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Title: Leonard Price: (Nyanasobhano Bhikkhu)
In this delightful fictional dialogue, an earnest but perplexed newcomer to Buddhism brings his basic questions to the wise and patient monk Tissa. A good read for the newcomer or for the veteran meditator who wants a light-hearted back-to-basics pick-me-up.
Romantic love, by its very nature, is inevitably entangled in unskillful states of mind. To whatever degree it springs from attachment, passion, or a hunger to fill one's own inner emptiness — to that degree will it heap suffering upon all involved. This short essay explores how the Dhamma can teach us what it might mean to truly love, free of attachment and fear.
Four brief but penetrating reflections on Buddhist practice, by one particularly lively writer. A taste: “The fundamental teachings must not be neglected, lest we take to wearing our religion like warm slippers and doze into mediocrity.”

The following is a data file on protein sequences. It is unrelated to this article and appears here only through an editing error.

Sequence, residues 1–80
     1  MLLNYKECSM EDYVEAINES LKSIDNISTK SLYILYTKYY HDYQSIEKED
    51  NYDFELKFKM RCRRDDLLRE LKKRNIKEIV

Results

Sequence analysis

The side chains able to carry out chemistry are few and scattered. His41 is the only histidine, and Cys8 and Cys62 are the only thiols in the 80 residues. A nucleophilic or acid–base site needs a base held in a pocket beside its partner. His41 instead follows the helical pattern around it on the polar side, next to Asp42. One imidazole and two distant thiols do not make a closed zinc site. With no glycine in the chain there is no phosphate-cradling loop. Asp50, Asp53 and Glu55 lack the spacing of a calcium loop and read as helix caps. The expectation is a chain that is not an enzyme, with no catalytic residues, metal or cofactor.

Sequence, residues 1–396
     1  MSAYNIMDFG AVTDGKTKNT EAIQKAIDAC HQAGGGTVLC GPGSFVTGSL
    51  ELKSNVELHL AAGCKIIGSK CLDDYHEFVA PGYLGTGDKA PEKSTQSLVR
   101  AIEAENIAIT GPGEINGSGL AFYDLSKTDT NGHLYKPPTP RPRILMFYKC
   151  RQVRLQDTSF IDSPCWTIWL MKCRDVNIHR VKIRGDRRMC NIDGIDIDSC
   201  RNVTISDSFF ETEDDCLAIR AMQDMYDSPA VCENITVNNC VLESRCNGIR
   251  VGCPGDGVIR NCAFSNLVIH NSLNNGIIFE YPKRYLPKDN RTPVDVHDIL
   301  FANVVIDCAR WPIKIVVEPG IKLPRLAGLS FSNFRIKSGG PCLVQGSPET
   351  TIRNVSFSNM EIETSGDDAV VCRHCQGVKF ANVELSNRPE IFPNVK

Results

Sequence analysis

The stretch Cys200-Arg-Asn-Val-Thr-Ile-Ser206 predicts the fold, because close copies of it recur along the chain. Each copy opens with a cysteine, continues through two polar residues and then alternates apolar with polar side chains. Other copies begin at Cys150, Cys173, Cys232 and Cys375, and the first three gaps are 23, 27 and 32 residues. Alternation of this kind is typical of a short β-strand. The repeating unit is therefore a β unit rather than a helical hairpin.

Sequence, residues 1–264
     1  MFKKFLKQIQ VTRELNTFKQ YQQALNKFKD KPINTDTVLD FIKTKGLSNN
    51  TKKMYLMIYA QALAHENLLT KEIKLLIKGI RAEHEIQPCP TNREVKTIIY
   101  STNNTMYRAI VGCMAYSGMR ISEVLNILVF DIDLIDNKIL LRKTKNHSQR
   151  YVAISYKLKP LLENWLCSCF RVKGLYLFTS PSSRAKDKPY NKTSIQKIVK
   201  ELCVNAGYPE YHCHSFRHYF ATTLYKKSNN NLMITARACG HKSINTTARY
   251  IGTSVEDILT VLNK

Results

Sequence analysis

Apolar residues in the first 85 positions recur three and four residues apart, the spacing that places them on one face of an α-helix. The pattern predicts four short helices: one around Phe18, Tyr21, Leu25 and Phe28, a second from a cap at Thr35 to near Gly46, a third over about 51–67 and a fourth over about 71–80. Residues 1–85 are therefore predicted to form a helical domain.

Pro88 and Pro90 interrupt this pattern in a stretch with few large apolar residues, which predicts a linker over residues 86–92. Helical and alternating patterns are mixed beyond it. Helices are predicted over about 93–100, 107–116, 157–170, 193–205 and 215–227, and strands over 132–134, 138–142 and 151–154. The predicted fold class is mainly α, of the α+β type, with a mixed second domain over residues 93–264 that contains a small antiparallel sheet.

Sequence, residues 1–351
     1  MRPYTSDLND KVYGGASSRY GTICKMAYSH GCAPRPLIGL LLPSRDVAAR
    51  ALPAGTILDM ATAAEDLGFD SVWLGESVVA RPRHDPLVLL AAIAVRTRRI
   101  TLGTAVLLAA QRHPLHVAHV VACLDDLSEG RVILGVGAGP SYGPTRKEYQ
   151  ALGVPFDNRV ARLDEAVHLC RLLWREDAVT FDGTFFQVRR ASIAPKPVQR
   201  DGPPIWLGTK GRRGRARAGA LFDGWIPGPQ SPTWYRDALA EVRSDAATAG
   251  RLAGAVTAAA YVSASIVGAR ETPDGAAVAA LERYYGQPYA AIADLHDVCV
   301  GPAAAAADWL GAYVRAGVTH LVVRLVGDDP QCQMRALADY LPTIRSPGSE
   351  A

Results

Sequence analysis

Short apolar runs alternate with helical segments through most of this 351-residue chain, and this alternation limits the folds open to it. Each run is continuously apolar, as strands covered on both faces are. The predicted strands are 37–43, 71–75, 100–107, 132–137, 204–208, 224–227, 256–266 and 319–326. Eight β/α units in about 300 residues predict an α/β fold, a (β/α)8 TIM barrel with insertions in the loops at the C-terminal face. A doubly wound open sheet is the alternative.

Two short essays: the first describes an imagined stroll through the cemetery, calling on us to reflect deeply on the nature of our lives, and on the urgency of Dhamma practice; the second reminds us that there is no point in waiting for an “ideal” time to start Dhamma practice, for aging, illness, and death are upon us now.
Two more enjoyable dialogues between the fictional monk Tissa and newcomers to Buddhism. In the first story, Tissa helps a well-to-do carefree young man discover that there is, in fact, much more to life than chasing after short-lived pleasures. In the second, Tissa helps a couple sort out a thorny ethical dilemma concerning their livelihood.